How The New Internet Rules Could Undermine Net Neutrality
Igor Volsky of ThinkProgress report:
The Federal Communications Commission (FCC) will release proposed draft rules on Thursday that will “allow content companies to pay Internet service providers for special access to consumers,” the Wall Street Journal reports, potentially undermining the principle of net neutrality on the Internet.
Under the new rules, broadband providers (ISPs) like Verizon or Comcast would be able to charge companies like Netflix or Amazon separate fees to deliver video or other services in a special faster lane on the “last mile” of broadband “that connects directly to consumers’ homes.” Content companies may then pass on those additional costs to consumers. ISPs would be prohibited from blocking or discriminating against specific websites and would be required to spell out “commercially reasonable” terms that would be available to all interested content providers. The FCC would review each deal on a “case by case basis,” the Journal notes.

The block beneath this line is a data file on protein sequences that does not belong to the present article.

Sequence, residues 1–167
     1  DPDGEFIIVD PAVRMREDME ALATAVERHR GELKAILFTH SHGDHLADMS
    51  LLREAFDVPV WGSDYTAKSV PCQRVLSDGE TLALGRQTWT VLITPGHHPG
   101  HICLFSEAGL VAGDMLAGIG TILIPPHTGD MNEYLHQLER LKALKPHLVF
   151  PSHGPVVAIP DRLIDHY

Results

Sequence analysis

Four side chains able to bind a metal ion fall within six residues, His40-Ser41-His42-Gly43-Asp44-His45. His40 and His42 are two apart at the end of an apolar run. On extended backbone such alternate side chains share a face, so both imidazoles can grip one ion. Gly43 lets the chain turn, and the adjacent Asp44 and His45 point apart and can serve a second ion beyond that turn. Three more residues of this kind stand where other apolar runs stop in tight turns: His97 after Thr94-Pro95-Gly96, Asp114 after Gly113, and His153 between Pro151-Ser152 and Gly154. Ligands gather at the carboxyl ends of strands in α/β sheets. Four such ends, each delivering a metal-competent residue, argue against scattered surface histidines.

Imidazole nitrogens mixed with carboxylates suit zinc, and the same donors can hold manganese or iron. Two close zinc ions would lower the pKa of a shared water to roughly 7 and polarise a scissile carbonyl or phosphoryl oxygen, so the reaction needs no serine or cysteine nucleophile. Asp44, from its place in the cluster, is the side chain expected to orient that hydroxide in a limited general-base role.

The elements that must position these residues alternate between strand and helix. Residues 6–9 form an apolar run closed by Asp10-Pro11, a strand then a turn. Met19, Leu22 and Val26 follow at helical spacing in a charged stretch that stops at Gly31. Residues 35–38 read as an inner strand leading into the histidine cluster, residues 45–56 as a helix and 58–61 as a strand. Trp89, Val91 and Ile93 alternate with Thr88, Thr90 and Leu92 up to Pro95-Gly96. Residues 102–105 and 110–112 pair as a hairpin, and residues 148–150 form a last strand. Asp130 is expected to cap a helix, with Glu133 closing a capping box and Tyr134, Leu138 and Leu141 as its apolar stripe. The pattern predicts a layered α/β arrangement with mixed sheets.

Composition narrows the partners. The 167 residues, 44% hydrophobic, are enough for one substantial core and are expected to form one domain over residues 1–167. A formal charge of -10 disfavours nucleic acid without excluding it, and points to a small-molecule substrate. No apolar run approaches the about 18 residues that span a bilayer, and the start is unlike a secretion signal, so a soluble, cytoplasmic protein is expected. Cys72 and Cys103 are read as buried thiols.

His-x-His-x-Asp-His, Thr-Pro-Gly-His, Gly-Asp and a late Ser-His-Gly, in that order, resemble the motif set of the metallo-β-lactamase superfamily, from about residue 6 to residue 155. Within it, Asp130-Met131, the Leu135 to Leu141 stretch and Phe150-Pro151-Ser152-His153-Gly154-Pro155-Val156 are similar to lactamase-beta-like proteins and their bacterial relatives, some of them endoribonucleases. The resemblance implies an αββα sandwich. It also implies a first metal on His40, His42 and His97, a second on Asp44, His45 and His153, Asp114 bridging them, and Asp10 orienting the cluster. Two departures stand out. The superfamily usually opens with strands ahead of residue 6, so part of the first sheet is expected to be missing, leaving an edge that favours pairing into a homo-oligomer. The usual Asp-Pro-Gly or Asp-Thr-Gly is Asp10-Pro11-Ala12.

The new guidelines — which the New York Times describes as “a complete turnaround” for the commission — come after a federal court decision in January that struck down a rule that required broadband providers to treat all Internet traffic the same regardless of the source.
Read the full story here:
After January’s court decision, Netflix was forced to pay an ISP toll to Comcast in order to reverse what Neflix politely refers to as “an unacceptable decline” in their members’ video experience on the Comcast network. What it really was was a case of corporate extortion. Read more about it here.
How many businesses will be held to ransom like Netflix under the new non-neutral Net Neutrality rules?
And how much of the cost of these ISP preferred access bribes will be passed on to YOU, the consumer?